Patricia Gozzi was only 15 when she portrayed Agnes, and the depth of her character is astounding for such a young actress. Each moment of torment and heartbreak is delivered with genuine emotion in a powerful performance that showcases a talent who is mature beyond her years. This beguiling display of Agnes' innermost feelings is matched by Guillermin's deft command of the camera; jarring cuts and unnatural yet enchanting camera angles emphasise her distress and confusion, with the ever-looming threat of being incarcerated in a nearby mental institution plaguing Agnes' fragile mind.

Joseph's gentle nature has a calming effect on Agnes, and Dean Stockwell - who you might remember from his role in another simple, yet exquisite piece of storytelling as Walt Henderson in Paris, Texas - inhabits the role of a loveable rogue with ease, acting as the perfect counterpoint for Agnes' unpredictable yet endearing persona. On the emergence of a curious love triangle between Joseph, Agnes and Karen, tensions rise and the taciturn nature of Frederick is pushed to the limit as he fears for his daughter's safety, whilst being confronted by Agnes' ever growing resemblance to her late mother.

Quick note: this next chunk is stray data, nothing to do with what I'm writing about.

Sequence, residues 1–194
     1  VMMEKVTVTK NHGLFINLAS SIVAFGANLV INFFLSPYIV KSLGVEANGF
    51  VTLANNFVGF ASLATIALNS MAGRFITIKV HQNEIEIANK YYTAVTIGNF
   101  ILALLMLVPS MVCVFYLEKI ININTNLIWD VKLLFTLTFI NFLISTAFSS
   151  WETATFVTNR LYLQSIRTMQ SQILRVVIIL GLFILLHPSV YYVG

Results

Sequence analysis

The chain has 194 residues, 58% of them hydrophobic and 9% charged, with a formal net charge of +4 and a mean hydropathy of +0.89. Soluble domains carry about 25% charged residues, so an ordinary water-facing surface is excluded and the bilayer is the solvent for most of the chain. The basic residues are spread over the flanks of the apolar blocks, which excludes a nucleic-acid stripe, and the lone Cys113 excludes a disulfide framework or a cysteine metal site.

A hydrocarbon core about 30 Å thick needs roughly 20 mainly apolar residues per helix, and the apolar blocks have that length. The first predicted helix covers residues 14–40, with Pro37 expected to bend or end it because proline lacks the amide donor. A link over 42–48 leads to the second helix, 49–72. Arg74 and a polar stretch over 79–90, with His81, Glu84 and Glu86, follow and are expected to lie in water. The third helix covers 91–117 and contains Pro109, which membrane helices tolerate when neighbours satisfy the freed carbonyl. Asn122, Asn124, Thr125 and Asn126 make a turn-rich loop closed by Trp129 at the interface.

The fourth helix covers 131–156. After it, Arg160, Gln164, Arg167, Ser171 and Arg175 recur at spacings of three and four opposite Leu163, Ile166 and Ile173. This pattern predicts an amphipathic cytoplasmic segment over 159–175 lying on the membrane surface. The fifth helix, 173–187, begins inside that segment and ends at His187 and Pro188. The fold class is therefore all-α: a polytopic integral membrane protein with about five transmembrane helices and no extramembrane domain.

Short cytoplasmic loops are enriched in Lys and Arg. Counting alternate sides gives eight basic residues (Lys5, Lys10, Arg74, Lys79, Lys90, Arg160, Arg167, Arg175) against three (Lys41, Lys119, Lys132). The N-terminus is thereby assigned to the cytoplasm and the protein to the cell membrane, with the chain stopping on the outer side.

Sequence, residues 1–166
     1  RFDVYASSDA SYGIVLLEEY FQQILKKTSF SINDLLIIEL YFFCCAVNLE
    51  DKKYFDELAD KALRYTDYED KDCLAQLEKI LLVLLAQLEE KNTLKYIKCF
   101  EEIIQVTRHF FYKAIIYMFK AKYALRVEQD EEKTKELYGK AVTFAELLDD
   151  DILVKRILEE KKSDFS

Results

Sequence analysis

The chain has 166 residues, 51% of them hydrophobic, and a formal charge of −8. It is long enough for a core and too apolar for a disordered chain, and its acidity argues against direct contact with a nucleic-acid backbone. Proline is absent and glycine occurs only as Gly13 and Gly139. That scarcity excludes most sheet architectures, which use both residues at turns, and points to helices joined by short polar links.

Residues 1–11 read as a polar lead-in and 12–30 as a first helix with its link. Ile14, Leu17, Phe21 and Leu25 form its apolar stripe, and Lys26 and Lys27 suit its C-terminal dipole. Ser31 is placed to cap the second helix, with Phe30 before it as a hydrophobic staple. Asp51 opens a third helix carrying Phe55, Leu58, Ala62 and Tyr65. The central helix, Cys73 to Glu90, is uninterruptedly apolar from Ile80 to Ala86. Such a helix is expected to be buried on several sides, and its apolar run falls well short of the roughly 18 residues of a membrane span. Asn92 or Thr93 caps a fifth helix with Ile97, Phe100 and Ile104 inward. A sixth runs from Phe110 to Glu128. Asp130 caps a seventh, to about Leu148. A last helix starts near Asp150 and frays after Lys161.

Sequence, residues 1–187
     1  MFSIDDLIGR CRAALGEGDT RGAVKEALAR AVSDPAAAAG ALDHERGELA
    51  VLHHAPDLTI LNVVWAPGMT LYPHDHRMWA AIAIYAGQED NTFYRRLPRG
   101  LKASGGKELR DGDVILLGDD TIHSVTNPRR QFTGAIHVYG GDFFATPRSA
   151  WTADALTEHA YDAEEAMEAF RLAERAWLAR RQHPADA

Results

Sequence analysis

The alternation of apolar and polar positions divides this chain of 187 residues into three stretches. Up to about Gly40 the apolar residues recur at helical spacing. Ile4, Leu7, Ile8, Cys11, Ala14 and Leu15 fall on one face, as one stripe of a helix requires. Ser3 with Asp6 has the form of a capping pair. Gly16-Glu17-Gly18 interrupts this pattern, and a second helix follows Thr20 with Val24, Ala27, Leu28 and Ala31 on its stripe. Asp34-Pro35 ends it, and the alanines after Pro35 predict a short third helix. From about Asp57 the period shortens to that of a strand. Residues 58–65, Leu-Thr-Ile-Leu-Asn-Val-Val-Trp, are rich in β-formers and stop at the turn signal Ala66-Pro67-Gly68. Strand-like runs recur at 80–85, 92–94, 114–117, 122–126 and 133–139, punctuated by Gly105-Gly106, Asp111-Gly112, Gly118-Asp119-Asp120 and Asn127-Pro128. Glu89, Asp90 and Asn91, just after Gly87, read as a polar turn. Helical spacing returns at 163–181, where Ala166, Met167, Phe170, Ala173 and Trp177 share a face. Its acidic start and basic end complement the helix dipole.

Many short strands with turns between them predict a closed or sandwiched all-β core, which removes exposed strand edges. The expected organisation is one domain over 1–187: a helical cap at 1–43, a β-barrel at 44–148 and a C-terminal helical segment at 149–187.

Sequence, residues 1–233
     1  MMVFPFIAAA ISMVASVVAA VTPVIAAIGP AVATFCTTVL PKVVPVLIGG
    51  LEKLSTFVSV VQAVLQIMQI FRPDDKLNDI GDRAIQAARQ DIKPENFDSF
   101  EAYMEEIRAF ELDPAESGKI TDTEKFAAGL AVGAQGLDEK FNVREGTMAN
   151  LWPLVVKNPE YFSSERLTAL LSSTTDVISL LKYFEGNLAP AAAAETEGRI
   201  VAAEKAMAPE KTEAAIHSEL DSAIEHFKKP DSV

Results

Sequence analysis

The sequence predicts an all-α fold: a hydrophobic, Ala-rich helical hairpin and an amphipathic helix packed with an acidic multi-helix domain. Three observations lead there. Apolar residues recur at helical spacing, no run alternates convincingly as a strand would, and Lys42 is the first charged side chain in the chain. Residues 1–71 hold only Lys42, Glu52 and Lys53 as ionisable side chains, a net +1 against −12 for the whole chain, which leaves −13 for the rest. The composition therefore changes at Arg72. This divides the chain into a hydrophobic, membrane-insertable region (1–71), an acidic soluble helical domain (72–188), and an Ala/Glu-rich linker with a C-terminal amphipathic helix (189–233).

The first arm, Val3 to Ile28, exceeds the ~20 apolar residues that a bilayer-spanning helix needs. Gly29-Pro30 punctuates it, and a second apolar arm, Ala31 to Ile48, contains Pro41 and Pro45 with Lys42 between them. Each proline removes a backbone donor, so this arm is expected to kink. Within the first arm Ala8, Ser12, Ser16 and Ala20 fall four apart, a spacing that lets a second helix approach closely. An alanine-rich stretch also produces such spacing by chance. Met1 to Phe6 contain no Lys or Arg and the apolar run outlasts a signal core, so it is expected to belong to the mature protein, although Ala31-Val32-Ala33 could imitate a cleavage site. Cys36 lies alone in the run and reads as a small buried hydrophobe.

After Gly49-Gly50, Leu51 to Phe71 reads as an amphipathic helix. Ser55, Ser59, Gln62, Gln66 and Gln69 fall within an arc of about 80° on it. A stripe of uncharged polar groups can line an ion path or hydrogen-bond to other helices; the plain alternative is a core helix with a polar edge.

Set amidst the backdrop of rocky cliff faces and the great expanse of the Atlantic ocean, Rapture makes use of the stunning Brittany coastal scenery with shots that encapsulate the beauty of nature whilst simultaneously providing the audience with valuable insights into its fascinating characters. As Agnes retreats to the solace of her childhood den amongst the rocks, gazes wistfully up at a flock of circling seagulls or frolics playfully along the beach with Joseph we see her childlike nature running free from the restraint of her strict father in some of Rapture's most memorable sequences.